Shahier Razik has been the #1 Squash player in Canada for a number of years now. With the retirement of Jonathan Power in 2006 Shahier has consistently been the best player in Canada.
I love watching Shahier play. Why, because he plays a type of game that we can all strive for. He certainly is extremely talented and can hit amazing shots but what impresses me most about his game is his efficiency on court, his patience and his work ethic.
A few months ago I posted a blog entry that focused on a video of Shahier’s about footwork. It is definitely worth reading the blog and watching the video as it is a real lesson on movement around the court. Shahier very clearly and concisely demonstrates how to move from the ‘T’ to the ball and back again. Moving efficiently is imperative to squash as it allows a player to get from point A to B as quickly as possible and with as few steps as possible. That might not be terribly important in the first game but in fifth game of a long match it is critical.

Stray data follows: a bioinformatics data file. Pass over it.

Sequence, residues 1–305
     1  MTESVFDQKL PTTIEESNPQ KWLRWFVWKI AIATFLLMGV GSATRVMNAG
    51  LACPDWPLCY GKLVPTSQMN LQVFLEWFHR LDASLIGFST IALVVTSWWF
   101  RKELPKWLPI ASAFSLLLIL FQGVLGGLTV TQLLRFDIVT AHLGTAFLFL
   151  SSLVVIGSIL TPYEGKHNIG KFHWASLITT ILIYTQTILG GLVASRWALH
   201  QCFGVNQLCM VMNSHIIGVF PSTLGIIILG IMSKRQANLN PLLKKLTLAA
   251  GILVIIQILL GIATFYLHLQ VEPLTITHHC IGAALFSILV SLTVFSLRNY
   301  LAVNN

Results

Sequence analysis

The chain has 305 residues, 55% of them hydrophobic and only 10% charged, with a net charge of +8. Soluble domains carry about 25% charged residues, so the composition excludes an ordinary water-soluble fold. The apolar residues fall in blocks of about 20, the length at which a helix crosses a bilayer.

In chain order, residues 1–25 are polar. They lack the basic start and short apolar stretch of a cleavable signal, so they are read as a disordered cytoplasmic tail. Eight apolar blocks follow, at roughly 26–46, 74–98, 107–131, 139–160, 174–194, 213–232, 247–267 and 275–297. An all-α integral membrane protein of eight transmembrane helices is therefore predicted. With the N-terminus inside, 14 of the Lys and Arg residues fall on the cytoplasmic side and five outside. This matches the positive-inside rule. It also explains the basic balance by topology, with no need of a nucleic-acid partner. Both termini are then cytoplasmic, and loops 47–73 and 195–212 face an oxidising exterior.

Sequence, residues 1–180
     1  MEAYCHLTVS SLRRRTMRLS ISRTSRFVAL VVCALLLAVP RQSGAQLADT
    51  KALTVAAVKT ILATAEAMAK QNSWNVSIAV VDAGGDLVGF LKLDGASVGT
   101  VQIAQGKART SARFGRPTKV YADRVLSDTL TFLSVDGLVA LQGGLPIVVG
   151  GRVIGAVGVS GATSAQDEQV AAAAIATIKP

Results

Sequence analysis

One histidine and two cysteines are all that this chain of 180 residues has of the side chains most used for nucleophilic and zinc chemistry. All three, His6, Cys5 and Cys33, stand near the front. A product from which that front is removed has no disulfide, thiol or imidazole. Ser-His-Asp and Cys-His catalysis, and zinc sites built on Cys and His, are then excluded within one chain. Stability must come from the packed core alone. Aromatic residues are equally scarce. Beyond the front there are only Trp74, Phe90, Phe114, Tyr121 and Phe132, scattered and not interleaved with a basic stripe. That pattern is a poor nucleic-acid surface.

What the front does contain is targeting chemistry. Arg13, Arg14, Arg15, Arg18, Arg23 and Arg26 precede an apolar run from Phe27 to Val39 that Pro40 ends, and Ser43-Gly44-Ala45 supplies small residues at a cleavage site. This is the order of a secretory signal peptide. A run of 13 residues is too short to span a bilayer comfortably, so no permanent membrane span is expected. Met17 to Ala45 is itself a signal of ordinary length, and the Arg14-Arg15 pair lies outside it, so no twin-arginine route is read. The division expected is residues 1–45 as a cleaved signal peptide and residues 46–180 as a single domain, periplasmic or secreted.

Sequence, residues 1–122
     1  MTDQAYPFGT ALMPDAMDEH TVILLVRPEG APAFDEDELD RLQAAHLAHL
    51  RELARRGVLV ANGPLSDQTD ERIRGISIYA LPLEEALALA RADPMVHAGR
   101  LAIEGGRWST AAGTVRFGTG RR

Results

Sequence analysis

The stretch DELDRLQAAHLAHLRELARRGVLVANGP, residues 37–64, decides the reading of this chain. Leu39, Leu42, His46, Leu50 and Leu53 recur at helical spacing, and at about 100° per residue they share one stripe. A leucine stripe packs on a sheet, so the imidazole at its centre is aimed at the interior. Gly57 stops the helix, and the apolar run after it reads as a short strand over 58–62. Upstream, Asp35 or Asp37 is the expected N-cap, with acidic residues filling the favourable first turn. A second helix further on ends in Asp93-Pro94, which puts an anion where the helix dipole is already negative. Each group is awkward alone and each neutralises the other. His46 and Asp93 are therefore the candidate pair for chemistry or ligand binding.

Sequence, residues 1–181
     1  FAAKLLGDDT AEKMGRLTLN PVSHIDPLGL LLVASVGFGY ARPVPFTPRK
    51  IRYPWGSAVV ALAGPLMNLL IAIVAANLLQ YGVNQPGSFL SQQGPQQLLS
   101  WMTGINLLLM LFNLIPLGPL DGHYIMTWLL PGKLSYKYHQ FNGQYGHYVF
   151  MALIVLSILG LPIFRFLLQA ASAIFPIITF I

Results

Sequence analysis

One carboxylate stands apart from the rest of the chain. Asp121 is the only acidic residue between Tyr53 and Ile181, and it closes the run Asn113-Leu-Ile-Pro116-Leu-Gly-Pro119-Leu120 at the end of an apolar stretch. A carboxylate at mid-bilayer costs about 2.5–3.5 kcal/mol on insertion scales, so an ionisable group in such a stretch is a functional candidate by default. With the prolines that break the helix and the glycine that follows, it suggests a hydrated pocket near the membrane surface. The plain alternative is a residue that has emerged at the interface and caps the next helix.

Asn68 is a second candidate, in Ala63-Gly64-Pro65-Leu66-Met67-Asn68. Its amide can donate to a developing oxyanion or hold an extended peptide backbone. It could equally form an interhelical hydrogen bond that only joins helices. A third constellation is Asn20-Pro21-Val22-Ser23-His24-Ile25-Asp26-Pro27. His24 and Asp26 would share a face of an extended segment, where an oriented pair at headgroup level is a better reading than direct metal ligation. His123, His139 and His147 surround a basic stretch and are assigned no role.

The other part of Shahier’s game that really strikes me is his patience on court. Shahier plays the game at the highest level and when put under pressure he does not panic, he gets himself out of trouble. That is an amazing trait. It is very common for people when put under constant pressure to look for the easy way out. Shahier doesn’t look for the easiest way out of a point, he looks for the safest way out of a difficult situation. That gets him out of trouble and extends the rally until he gets an appropriate chance to attack.
His work ethic is what makes his patient play work. People look for the easy way out when they are too tired to take the safe way out. Being willing to play a safe shot when your lungs are burning takes the confidence to know that your opponent is hurting too and wants the rally to end. Shahier’s remarkable fitness is what makes it possible for him to play the safe consistent type of squash that he does as he is fit enough to go that one extra shot that his opponent often is not. Remarkable fitness comes from a remarkable training regime.
Shahier is an incredible squash player and while not all of us will have his racquet skills we can all learn a great deal from his style of play. Train hard so that you don’t search for the easy way out of a hard rally. Train hard enough so that when your lungs are burning and you want to go for an ill-advised winner that you won’t you find a safe way to extend the rally and make your opponent go for that ill-advised shot.